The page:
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External Customer KB > General > Configuring Windows Domain Authentication with Active Directory Connectors
Configuring Windows Domain Authentication with Active Directory Connectors
Article: KB0010313 Published: 02/23/2024 Last modified: 02/23/2024

Windows Domain Authentication (WDA), previously known as Desktop Single Sign-On or Desktop SSO, allows your users easy access to OneLogin from devices that you've approved. When a user is signed in to a properly configured workstation as part of an Active Directory (AD) domain and uses their browser to visit OneLogin, they're automatically signed in using Integrated Windows Authentication (IWA) and taken directly to their OneLogin apps without the need to enter their username and password.

Depending on your organization's needs, you may also consider using OneLogin Desktop. From the user's perspective, the passwordless experience of automatic authentication with either WDA or OneLogin Desktop is nearly identical, but there are key differences on the backend:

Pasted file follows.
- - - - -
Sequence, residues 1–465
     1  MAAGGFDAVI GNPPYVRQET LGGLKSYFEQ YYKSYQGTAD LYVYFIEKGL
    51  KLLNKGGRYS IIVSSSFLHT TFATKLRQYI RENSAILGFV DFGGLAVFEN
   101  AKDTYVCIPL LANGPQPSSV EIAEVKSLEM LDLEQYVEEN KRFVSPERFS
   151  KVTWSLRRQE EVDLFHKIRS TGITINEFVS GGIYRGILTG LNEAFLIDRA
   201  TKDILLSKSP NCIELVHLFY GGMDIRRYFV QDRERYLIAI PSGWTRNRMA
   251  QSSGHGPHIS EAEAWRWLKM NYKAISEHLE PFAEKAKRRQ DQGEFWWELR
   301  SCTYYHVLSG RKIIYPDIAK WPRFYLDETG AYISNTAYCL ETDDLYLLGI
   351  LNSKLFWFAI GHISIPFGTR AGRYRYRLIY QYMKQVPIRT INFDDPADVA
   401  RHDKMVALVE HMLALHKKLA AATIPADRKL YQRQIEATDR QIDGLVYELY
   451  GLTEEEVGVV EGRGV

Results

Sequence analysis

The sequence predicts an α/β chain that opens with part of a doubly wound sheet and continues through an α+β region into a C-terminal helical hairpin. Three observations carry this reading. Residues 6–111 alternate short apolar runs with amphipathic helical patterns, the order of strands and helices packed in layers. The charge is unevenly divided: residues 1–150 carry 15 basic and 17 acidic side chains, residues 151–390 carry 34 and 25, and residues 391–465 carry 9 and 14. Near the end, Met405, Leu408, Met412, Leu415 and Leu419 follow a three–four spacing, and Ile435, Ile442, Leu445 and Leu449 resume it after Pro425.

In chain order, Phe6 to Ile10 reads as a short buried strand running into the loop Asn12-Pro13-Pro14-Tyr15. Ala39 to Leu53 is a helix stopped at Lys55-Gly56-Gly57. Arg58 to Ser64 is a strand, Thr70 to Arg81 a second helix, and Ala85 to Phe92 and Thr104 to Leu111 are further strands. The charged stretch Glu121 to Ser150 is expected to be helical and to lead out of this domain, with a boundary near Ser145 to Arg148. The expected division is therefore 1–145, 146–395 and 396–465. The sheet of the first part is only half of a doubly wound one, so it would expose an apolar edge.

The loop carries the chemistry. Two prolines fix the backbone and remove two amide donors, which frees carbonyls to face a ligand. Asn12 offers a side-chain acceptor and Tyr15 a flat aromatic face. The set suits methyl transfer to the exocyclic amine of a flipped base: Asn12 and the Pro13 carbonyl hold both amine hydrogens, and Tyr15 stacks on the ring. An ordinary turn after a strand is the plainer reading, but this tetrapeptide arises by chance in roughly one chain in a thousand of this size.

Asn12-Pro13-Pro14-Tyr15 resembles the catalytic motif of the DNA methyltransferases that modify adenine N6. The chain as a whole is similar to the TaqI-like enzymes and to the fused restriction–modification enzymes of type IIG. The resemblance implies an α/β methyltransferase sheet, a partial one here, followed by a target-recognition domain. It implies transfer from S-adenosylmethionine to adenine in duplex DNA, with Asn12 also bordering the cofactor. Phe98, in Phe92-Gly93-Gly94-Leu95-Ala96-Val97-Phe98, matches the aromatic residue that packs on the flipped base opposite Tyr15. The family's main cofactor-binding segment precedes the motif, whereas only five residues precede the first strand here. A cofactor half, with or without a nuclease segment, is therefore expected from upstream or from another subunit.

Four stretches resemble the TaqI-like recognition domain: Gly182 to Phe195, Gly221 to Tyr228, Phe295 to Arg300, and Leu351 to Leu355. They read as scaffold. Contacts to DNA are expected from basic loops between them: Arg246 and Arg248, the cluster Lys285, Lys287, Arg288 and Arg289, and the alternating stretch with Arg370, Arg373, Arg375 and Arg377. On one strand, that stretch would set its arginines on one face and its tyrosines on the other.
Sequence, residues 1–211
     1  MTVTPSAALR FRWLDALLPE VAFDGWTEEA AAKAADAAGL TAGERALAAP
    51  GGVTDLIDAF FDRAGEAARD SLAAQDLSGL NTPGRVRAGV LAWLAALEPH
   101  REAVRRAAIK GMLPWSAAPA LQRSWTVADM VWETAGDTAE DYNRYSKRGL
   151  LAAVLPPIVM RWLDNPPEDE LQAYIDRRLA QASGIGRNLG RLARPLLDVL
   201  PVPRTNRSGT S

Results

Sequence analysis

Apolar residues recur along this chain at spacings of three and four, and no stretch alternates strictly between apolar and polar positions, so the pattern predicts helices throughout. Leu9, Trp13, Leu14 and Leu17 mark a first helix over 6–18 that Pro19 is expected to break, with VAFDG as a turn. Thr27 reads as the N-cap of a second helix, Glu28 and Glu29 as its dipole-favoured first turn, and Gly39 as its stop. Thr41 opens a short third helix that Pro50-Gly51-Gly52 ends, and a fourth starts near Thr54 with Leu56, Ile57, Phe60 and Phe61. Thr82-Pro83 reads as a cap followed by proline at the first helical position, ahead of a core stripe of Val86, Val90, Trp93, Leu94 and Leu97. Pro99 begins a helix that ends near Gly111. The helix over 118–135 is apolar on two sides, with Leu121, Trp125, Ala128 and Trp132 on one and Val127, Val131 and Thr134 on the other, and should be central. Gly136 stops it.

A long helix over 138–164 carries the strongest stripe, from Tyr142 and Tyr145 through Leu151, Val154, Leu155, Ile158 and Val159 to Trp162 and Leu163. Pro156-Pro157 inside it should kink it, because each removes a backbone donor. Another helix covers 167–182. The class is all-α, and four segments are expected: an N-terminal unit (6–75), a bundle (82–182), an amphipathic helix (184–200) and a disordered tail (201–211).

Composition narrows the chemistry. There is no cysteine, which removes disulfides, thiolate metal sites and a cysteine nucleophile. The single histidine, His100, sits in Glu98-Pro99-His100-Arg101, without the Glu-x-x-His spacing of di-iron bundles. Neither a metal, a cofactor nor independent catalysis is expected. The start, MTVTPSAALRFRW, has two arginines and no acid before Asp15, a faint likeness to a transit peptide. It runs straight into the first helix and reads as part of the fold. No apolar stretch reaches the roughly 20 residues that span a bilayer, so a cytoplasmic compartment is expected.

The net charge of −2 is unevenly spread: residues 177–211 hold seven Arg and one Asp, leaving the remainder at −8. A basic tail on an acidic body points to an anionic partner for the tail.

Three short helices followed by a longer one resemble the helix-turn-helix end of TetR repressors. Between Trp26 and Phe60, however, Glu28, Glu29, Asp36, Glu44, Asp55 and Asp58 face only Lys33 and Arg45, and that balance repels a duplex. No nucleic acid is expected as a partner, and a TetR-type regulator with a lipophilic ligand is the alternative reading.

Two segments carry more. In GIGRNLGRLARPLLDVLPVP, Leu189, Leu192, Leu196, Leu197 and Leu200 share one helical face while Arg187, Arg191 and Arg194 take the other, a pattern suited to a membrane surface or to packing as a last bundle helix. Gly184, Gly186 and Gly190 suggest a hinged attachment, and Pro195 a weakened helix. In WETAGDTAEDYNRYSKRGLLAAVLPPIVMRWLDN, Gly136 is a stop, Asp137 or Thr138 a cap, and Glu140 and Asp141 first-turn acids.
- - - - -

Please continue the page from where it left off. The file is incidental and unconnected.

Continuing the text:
• WDA is a server-based solution freely supported by all OneLogin accounts, but requires domain-joined workstations.
  • OneLogin Desktop is a paid software that must be installed on all client devices using it, but bypasses the need for an Active Directory domain.
Configuring Windows Domain Authentication

Check out our 3-part video training course for a deeper understanding of OneLogin's Windows Domain Authentication feature.

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The typical WDA implementation uses OneLogin's Active Directory Connector (ADC) to manage authentication requests from OneLogin. Authentication requests are redirected from OneLogin to an ADC instance, which uses IWA to validate the user's credentials against Active Directory and sign the user into OneLogin using JSON Web Tokens (JWT).

Because you can configure multiple ADC instances for any Active Directory domain, authentication requests can be load-balanced for high availability. We recommend this, as the more host computers you have the ADC software installed on, the more resilient your system will be to failovers and high-traffic demands.

Windows Domain Authentication Diagram